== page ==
We also built an duck-house (?) with a couple of nesting boxes for the pair we are about to receive.  Lastly for the meat chooks we have the old chook house (above) which will be refurbished a little to make it more manageable.  Being the handy (not) assistant, I have learned two new skills -using a bench drop-saw and a nail gun.  This is good because I have a few little projects that I would like to tackle myself in the future.

Saturday, 20 July 2013


This time last year we planted two stone fruit trees.  We bought them at the 2012 Farm Fest from The Fruit Salad Tree Company where they graft up to 6 different fruits (from the same 'family') on the one tree.

Because I love peaches and nectarines, we got a white peach/nectarine combination and for Peter who likes plums we got a two plum variety as well.

The peach/nectarine tree is flowering it's head off and when I was inspecting it I could see plenty of bees at work, so I'm hopeful for some fruit this summer.

And just for fun, hello from a fellow resident of Barpet's Patch.


We have nine sheep in all, mainly as grass mowers (can't say its lawn).  This afternoon we were talking with one of our neighbours about buying a breeding pair of ducks from them.  I love hearing ducks 'chatting' and every now and then one lets out great belly laugh like sound - as though they're sitting round the kitchen table telling jokes.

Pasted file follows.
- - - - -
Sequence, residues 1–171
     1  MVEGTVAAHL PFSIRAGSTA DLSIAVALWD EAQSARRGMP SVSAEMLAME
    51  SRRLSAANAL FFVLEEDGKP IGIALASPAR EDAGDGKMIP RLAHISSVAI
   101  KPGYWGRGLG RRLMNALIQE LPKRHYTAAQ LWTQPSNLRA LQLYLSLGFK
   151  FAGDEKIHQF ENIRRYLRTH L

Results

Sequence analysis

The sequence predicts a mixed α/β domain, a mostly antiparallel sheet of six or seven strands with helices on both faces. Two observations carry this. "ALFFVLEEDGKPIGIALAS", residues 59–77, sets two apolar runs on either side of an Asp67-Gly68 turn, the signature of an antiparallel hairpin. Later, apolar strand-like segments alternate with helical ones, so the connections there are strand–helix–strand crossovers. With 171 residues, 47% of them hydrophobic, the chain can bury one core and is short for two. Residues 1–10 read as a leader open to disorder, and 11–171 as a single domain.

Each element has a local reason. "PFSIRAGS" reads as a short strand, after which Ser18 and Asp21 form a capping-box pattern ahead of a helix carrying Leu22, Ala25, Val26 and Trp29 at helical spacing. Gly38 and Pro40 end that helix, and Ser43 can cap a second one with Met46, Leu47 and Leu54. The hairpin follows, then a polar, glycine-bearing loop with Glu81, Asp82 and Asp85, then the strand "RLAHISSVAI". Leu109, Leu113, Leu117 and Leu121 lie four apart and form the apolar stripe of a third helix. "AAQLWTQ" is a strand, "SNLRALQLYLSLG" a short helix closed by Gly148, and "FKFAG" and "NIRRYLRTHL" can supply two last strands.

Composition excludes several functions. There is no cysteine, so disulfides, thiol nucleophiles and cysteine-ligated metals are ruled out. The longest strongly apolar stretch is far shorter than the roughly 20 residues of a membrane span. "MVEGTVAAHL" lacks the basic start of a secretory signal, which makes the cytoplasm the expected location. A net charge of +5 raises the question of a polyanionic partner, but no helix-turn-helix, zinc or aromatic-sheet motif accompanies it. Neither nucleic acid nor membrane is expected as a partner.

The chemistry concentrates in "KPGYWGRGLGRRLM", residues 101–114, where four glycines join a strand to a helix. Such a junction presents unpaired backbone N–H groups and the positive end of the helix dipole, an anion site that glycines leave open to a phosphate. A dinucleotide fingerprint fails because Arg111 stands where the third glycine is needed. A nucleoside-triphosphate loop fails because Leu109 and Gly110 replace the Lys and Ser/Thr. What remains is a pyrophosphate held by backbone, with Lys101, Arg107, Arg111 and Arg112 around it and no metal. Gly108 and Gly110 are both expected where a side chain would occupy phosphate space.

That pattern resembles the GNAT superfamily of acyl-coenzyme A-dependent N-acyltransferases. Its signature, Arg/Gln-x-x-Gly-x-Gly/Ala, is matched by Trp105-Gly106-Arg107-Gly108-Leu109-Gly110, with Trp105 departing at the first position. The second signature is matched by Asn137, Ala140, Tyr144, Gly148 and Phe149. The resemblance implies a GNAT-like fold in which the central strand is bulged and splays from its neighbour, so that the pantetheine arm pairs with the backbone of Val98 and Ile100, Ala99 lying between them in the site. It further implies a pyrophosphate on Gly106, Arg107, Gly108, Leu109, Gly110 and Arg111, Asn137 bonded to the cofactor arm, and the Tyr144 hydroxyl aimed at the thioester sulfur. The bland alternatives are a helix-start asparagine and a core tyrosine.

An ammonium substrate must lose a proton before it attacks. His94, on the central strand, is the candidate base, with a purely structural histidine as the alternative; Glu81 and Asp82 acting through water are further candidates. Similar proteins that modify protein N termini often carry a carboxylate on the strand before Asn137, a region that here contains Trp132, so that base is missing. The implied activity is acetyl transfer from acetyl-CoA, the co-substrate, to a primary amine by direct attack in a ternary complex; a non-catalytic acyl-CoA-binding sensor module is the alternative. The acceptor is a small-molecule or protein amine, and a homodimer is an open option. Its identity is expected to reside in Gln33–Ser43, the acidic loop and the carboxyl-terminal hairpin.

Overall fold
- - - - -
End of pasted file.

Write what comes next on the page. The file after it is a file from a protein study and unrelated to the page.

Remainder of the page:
Before the new recruits can move in though, we have to renovate our chook house/run.  We are also getting some meat chickens from another neighbour who is hatching them at present.  That requires a section each for the egg chooks, meat chooks, and ducks.  Hammers are being polished up as we speak.

Friday, 19 July 2013


For a long while I have been coveting a glass butter dish.  I like making my own butter, however storage and presentation can be a bit of a dilemma.  Rather than putting your lovely fresh butter in a plastic container, why not keep it in a more attractive (and greener) holder, right?

I had been watching various items on Ebay and ducking into second-hand shops wherever I went, but was drawing a blank on finding the one I wanted at a price I could live with.

So, when we visited the Penguin Markets last weekend, you could possibly imagine how excited I was to see this:

Depression Glass
Apparently these mass produced, mould glass products available in US 'dime stores' from the late 20's through the 40's.  Although the quality was usually poor, often with bubbles and flaws throughout, the colours of production gave it wide appeal.  The green, cobalt blue and pink colours are now most popular with collectors.

But then there was also this:

The provenance of this dish is probably also quite undistinguished but I just liked the relief work on the lid showing a cow complete with bell standing in a field of grass.

Anyway, I got both of these for less than I could have bought just the green one on Ebay or similar and no postage.  So I was a happy shopper. 

Thursday, 18 July 2013

Back Home Again